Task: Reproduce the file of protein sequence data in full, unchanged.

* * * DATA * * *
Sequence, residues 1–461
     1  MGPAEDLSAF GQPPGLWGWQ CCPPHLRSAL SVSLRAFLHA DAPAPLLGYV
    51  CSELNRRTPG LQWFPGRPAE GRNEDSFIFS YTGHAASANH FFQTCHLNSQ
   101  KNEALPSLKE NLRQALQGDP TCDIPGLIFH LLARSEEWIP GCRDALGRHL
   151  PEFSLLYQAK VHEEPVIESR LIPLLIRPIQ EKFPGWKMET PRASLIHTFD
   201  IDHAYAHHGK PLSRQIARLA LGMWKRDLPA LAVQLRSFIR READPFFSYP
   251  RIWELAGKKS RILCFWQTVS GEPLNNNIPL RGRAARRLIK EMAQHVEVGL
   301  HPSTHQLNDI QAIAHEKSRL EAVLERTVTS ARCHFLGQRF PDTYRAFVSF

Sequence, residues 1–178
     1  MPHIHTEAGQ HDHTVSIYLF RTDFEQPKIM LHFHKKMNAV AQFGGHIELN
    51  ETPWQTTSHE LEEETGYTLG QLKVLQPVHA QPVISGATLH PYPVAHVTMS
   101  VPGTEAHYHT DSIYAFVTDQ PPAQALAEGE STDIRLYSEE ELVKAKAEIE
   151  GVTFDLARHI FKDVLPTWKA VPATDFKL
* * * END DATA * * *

Sequence, residues 1–461
     1  MGPAEDLSAF GQPPGLWGWQ CCPPHLRSAL SVSLRAFLHA DAPAPLLGYV
    51  CSELNRRTPG LQWFPGRPAE GRNEDSFIFS YTGHAASANH FFQTCHLNSQ
   101  KNEALPSLKE NLRQALQGDP TCDIPGLIFH LLARSEEWIP GCRDALGRHL
   151  PEFSLLYQAK VHEEPVIESR LIPLLIRPIQ EKFPGWKMET PRASLIHTFD
   201  IDHAYAHHGK PLSRQIARLA LGMWKRDLPA LAVQLRSFIR READPFFSYP
   251  RIWELAGKKS RILCFWQTVS GEPLNNNIPL RGRAARRLIK EMAQHVEVGL
   301  HPSTHQLNDI QAIAHEKSRL EAVLERTVTS ARCHFLGQRF PDTYRAFVSF

Sequence, residues 1–178
     1  MPHIHTEAGQ HDHTVSIYLF RTDFEQPKIM LHFHKKMNAV AQFGGHIELN
    51  ETPWQTTSHE LEEETGYTLG QLKVLQPVHA QPVISGATLH PYPVAHVTMS
   101  VPGTEAHYHT DSIYAFVTDQ PPAQALAEGE STDIRLYSEE ELVKAKAEIE
   151  GVTFDLARHI FKDVLPTWKA VPATDFKL